The Shakespeare Conference: SHK 13.1355  Monday, 20 May 2002

From:           Sean Lawrence <This email address is being protected from spambots. You need JavaScript enabled to view it.>
Date:           Saturday, 18 May 2002 09:42:10 -0700
Subject: 13.1344 Re: Desdemona
Comment:        Re: SHK 13.1344 Re: Desdemona

Don Bloom suggests that

>To put it most simply, if a man rides your horse without permission, you
>might charge him with theft, but you don't shoot the horse. You may love
>the horse, but you don't marry it, and you thus don't have your ego
>invested in its "honor" (chastity, fidelity). You don't assume that your
>horse willingly shamed you by going off with another man -- not unless
>you're a real nut case.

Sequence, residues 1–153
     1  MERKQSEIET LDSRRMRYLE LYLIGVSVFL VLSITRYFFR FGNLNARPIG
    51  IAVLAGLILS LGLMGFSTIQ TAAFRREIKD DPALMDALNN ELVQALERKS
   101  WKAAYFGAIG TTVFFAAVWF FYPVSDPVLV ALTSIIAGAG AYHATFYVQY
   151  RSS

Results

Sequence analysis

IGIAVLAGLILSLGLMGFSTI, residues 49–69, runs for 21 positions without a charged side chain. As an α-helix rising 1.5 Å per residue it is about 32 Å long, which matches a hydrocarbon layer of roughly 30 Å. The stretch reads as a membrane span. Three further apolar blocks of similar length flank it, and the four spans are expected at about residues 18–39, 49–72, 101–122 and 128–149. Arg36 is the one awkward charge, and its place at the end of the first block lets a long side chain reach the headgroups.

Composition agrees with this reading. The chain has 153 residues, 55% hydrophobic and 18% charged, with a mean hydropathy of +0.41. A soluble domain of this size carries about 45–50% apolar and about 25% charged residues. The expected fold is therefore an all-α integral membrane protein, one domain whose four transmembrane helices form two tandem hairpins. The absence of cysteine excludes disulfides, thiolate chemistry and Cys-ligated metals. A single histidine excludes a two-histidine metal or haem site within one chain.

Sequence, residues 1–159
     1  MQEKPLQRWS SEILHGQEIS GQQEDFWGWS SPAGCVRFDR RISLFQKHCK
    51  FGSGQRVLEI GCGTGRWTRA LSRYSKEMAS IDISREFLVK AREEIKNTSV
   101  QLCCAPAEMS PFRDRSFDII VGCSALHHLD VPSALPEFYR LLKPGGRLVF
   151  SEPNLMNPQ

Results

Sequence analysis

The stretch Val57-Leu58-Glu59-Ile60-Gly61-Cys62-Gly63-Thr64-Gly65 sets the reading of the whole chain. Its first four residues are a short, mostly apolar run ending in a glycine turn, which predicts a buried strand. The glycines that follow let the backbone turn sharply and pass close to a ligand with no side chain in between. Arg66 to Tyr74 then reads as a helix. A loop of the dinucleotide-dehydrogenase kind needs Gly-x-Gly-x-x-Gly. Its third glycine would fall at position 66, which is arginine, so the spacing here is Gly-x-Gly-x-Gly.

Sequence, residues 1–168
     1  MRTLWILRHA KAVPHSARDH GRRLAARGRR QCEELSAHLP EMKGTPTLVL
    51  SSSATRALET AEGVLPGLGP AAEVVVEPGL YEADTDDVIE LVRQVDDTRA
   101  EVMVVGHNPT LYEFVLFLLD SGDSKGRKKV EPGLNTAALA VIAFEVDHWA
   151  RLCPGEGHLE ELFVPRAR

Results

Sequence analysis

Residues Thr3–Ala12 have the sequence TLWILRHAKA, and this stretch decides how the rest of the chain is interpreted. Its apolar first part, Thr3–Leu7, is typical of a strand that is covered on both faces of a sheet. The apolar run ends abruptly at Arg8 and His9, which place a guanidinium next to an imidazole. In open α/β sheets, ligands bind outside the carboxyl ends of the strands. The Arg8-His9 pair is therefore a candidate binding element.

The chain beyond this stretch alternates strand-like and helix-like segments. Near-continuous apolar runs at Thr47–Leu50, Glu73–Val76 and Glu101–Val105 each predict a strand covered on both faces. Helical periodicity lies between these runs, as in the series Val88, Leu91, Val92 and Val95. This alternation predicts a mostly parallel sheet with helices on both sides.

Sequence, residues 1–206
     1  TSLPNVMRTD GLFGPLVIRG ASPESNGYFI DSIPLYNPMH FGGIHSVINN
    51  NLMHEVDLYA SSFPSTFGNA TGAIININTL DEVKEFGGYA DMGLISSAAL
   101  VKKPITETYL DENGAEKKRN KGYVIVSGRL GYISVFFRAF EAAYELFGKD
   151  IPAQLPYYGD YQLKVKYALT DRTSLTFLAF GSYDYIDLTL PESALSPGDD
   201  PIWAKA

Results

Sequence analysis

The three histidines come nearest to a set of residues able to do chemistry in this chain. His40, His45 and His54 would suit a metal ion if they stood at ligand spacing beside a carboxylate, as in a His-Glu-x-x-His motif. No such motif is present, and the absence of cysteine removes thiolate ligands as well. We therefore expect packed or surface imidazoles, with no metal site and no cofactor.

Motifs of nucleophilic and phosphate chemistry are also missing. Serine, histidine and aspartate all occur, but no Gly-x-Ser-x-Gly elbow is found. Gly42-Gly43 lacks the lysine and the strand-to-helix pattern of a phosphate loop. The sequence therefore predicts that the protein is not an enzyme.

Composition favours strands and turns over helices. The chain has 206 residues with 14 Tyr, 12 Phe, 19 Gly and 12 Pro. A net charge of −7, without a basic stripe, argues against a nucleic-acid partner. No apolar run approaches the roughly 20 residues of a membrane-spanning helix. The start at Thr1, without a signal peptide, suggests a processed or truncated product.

Strangely, Richard II does assume this:

That jade hath eat bread from my royal hand,
This hand hath made him proud with clapping him.
Would he not stumble?  Would he not fall down,
Since pride must have a fall, and break the neck
Of that proud man that did usurp his back? (5.5.85-89)

Nevertheless, even in his high-strung emotional state, he seems to
recognize his error in the next few lines, and we may dismiss the whole
passage as a brief and temporary instance of anthropomorphism.  Your
point, in other words, still holds.


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